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Burn out oven


#1

Hey gang

Hoping someone out there knows more about electronics than I do!

I have a Sierra Burnout Oven. Has worked great. All of a sudden, it
will not go higher than 400 degrees. The previous owner had left me
with the manual, phone numbers, people and a broken part with a note,
if it stops working replace this. It was a relay. So in my wisdom I
assumed it was the relay and ordered two. One for a back up.

It was not the relay. Could not find the proper one and an
electronics company said it had been replaced with a new number. The
new one did absolutely nothing. Would not activate the coil for the
heating element. I put the old one back in and it works, just will
not get up high enough.

Suggestions?

I know it’s old but has been great. Only needs 110 volts, 80 pounds
or less as I can move it myself, it will take four rimmed 4x6 flasks
and the others and my Ney back up only take two. If I have to replace
it I guess I’d go with a larger 200 unit.

I could not find anything in the archives and not sure it is
working.

Thank you
Charlie

PS Melting furnace just gave out and ordered a new relay for that
and hoping that is all it is! I rather like the old days of on or
off.


#2

I don’t know what kiln model you have but it seems that some kilns
are wired with two heating elements in parallel. (This would permit
the kiln to operate on 110 v or 220 v depending on how the elements
are wired.) This is just a guess, but could one of the heating
elements be burned out? You could probably look inside when turned on
and see if one of the elements is not working.

Fred


#3

Hi Charlie,

It’s a little difficult to offer advice with the lack of details.
When you say the kiln can’t get past 400 degrees I am assuming 400F
not 400C. This suggests to me that the problem is either with the
heating elements or possibly the energy controller if one is fitted.
Obviously the heating elements are not fully burnt out or it wouldn’t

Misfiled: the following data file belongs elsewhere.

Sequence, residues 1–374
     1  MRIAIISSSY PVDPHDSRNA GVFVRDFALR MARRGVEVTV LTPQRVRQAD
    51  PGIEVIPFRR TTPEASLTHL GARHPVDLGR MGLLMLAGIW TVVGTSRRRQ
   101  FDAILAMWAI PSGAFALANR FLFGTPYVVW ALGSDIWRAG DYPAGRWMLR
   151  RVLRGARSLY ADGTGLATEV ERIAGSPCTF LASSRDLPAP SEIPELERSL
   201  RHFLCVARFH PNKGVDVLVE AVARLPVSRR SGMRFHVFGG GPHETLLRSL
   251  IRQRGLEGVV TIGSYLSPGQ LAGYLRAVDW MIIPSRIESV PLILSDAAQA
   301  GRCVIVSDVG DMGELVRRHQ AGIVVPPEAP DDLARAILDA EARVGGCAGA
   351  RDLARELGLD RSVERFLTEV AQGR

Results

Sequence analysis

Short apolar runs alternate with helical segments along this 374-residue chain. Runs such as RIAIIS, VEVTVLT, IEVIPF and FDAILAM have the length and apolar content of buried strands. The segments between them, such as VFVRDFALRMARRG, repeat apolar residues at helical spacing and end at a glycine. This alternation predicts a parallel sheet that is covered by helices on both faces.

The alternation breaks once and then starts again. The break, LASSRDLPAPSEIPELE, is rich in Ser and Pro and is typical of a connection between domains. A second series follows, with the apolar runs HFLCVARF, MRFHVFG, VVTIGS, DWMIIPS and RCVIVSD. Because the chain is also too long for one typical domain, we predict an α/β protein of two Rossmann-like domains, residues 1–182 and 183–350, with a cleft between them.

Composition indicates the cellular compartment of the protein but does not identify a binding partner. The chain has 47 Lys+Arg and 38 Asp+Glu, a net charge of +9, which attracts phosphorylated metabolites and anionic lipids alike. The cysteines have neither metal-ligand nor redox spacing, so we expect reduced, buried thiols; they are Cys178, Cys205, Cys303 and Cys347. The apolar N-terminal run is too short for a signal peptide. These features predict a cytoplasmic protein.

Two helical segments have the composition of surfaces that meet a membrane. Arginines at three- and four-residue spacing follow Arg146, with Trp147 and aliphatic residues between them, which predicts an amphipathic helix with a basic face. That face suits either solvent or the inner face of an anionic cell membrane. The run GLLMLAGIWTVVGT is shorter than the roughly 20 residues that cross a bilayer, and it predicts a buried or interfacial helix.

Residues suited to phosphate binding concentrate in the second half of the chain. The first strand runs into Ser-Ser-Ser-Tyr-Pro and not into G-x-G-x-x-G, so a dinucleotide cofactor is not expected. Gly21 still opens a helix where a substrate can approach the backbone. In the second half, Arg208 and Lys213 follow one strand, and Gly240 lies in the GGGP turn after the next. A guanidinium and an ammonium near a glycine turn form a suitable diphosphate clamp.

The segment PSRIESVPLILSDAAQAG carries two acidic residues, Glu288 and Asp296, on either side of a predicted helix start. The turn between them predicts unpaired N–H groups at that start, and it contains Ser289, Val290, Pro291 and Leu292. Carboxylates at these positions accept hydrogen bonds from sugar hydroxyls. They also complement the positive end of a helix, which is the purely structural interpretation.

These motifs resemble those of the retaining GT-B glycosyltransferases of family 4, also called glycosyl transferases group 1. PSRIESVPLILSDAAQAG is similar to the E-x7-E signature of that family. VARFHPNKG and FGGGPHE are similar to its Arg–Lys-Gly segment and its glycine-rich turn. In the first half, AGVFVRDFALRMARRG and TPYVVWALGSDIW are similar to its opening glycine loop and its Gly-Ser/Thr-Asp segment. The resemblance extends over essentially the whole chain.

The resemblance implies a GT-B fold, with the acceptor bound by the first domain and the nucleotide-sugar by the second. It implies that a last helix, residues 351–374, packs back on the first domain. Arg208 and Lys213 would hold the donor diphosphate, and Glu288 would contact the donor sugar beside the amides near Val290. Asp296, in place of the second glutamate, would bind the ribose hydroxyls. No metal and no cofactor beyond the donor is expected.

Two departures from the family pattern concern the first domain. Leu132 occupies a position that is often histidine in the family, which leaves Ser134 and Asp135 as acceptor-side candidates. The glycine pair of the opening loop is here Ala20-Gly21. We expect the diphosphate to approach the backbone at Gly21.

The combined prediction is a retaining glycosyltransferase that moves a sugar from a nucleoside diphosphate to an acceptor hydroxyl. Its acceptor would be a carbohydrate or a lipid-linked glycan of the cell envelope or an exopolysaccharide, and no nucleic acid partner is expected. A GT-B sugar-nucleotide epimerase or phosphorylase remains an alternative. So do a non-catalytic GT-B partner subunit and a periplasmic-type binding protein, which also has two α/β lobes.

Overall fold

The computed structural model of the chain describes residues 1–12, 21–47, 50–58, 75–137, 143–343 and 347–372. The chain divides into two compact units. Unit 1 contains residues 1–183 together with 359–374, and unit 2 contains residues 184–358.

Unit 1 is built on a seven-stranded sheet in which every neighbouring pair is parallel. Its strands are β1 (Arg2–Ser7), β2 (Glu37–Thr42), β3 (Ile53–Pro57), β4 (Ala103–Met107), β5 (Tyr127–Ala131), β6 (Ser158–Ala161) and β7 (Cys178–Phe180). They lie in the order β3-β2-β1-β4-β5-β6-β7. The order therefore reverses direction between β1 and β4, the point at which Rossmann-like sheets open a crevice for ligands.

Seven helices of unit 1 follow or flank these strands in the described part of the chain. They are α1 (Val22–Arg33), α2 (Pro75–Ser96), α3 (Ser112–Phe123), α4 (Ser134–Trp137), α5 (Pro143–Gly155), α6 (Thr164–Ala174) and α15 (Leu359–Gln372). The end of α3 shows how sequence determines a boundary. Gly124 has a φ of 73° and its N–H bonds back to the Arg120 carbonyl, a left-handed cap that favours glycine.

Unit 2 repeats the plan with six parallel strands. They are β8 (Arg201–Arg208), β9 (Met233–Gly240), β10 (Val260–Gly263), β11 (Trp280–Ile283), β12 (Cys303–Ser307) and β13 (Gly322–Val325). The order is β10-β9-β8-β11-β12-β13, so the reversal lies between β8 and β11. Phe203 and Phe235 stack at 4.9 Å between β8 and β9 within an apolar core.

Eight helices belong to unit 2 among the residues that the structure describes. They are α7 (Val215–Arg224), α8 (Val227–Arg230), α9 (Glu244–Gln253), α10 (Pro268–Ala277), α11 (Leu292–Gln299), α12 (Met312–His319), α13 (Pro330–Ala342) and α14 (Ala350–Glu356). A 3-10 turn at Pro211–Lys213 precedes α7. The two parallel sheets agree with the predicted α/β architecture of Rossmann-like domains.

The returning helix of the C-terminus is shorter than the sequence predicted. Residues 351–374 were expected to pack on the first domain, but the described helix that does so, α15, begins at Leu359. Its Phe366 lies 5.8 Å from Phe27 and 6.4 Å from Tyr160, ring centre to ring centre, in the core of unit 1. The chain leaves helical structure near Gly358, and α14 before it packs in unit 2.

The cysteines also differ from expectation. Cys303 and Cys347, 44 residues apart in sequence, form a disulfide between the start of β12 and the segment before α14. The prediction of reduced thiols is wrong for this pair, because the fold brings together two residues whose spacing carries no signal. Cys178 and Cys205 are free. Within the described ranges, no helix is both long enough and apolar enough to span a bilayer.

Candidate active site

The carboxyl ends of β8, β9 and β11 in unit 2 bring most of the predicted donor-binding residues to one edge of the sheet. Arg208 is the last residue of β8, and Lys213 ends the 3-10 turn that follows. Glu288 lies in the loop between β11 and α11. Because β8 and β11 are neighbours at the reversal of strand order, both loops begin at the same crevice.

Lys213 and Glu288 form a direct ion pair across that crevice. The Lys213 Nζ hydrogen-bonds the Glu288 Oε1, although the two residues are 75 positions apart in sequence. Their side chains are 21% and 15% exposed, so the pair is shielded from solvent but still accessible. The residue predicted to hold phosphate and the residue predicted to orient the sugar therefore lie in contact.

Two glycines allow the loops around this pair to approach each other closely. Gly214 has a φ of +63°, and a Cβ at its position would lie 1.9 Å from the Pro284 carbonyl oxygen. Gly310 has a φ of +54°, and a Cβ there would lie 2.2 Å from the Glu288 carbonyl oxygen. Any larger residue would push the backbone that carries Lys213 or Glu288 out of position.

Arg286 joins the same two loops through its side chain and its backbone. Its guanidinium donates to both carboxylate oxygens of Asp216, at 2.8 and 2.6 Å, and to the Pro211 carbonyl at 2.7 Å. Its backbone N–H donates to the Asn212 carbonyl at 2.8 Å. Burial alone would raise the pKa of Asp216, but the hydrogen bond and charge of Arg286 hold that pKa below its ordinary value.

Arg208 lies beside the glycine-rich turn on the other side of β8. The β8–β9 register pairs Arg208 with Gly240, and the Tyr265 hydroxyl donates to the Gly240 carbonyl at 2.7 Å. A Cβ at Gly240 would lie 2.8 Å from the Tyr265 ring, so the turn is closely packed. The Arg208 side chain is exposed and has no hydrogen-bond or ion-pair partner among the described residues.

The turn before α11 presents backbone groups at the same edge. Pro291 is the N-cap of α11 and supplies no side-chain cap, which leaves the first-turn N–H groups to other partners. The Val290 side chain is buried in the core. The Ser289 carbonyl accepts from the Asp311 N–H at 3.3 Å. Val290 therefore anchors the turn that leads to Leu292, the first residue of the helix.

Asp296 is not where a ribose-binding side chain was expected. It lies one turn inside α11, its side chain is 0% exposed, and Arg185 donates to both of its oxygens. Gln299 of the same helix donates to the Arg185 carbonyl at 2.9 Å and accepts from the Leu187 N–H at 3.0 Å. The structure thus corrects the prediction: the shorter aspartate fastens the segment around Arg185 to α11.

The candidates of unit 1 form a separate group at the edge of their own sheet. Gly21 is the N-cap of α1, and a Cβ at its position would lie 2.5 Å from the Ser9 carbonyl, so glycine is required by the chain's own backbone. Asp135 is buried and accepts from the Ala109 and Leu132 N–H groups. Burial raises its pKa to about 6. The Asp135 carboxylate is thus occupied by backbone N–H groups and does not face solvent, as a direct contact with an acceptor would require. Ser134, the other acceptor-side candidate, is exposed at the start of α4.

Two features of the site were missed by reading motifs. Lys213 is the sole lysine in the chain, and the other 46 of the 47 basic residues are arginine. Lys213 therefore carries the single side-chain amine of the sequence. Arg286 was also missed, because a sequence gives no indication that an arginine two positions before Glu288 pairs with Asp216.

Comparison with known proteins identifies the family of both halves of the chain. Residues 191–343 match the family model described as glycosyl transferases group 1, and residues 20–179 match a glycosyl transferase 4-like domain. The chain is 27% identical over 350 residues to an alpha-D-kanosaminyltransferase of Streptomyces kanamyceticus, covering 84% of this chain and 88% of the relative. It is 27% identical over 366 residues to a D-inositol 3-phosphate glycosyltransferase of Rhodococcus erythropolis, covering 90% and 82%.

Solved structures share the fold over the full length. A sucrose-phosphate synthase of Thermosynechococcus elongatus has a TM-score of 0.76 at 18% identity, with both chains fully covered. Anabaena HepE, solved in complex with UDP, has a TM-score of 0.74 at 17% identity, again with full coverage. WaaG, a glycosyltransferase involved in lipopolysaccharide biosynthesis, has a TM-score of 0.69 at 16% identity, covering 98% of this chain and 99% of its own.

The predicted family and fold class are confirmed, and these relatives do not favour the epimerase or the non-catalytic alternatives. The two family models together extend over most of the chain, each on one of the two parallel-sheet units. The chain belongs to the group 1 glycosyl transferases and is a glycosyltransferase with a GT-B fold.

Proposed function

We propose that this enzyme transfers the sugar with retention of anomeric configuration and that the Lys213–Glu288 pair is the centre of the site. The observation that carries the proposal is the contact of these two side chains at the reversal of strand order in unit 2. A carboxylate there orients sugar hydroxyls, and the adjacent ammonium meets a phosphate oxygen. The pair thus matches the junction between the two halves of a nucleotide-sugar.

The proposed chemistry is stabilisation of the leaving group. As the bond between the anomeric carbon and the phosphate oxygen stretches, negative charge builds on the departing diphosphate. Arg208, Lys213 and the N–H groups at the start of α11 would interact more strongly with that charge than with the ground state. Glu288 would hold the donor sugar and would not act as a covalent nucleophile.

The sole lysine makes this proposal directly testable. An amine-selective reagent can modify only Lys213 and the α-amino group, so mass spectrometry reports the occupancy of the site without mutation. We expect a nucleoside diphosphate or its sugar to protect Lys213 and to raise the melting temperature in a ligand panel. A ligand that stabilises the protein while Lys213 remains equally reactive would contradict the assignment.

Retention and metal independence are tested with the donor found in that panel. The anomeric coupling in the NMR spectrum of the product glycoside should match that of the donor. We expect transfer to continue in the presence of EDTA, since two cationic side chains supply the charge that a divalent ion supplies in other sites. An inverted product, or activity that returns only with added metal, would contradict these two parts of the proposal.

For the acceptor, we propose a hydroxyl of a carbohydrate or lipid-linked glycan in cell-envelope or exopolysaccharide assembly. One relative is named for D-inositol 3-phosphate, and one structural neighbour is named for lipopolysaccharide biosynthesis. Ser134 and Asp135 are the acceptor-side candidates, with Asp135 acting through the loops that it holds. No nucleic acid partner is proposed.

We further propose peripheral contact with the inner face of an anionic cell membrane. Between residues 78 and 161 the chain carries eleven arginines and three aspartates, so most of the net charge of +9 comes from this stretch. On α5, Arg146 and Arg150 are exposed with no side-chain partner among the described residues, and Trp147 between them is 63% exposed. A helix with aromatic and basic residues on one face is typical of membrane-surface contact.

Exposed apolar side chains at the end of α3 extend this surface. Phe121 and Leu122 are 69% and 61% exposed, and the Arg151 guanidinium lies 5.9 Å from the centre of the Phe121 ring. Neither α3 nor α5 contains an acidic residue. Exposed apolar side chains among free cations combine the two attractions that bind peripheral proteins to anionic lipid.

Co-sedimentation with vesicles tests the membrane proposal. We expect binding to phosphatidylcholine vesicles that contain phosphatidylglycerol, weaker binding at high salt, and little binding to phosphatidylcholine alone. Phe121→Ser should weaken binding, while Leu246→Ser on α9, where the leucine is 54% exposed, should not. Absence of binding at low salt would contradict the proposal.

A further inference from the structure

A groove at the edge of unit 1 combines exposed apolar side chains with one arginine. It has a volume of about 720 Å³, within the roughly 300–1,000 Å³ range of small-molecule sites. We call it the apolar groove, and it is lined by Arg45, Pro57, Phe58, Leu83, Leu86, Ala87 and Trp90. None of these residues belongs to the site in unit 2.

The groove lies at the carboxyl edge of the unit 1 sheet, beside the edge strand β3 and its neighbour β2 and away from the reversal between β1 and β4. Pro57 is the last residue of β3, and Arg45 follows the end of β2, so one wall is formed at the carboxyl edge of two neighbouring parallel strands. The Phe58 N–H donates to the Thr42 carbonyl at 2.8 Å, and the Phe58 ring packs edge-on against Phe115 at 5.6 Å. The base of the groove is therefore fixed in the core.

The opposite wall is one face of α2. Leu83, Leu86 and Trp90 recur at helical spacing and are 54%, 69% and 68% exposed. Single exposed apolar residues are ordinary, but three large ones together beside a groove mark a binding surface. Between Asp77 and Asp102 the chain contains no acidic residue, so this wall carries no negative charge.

heat at all. Similarly if the problem is the relay it wouldn’t heat
at all because no power would be supplied to the elements. You can
check whether the elements are heating by switching the kiln on and
bushing in the safety interlock switch if one is fitted. If the
elements are heating properly they should be obviously red hot. If
one section of the elements is glowing and the other isn’t then
either the element is burnt out or has a loose connection (less
likely but worth checking).

Another possibility is the energy controller. These work by
switching the elements on and off to control the energy input to the
kiln. When these are set to their maximum setting elements should be
powered continuously. On a lower setting they will switch on and off.
Ste this to full and check if the elements are on continuously.

Finally the issue could be the temperature controller if one is
fitted. This should leave the elements switched on until the
temperature reaches the setting on the controller. If this is not
working properly it could be the electronics in the controller or the
thermocouple probe to which it is connected which measures the kiln
temperature.

All the best
Jen


#4
could one of the heating elements be burned out? 

This was my immediate thought as well.

The method I was taught for quickly testing elements in a kiln is to
turn on, then touch each element with a scrap of styrofoam. It melts
with very little heat. Much better than using your fingers!

Noel


#5

Thank you.

When I put the old relay back in, I ran it through a burn out cycle
and it performed flawlessly. All the way up to 1350F and held, went
through all the ramps and came back down. But now I don’t trust it as
I know something is wrong somewhere. It’s not a simple on and off
that I can set the dial to a setting. Someone else suggested that
something may have been loose and when I swapped relays I made a good
contact again.

On my melting kiln, I swapped out the power switch and the relay and
it’s still dead. Two things on the same day and the same casting! I
suspect my shop is not air tight enough and the weather and
temperature changes are wreaking havoc with computerized equipment.

Charlie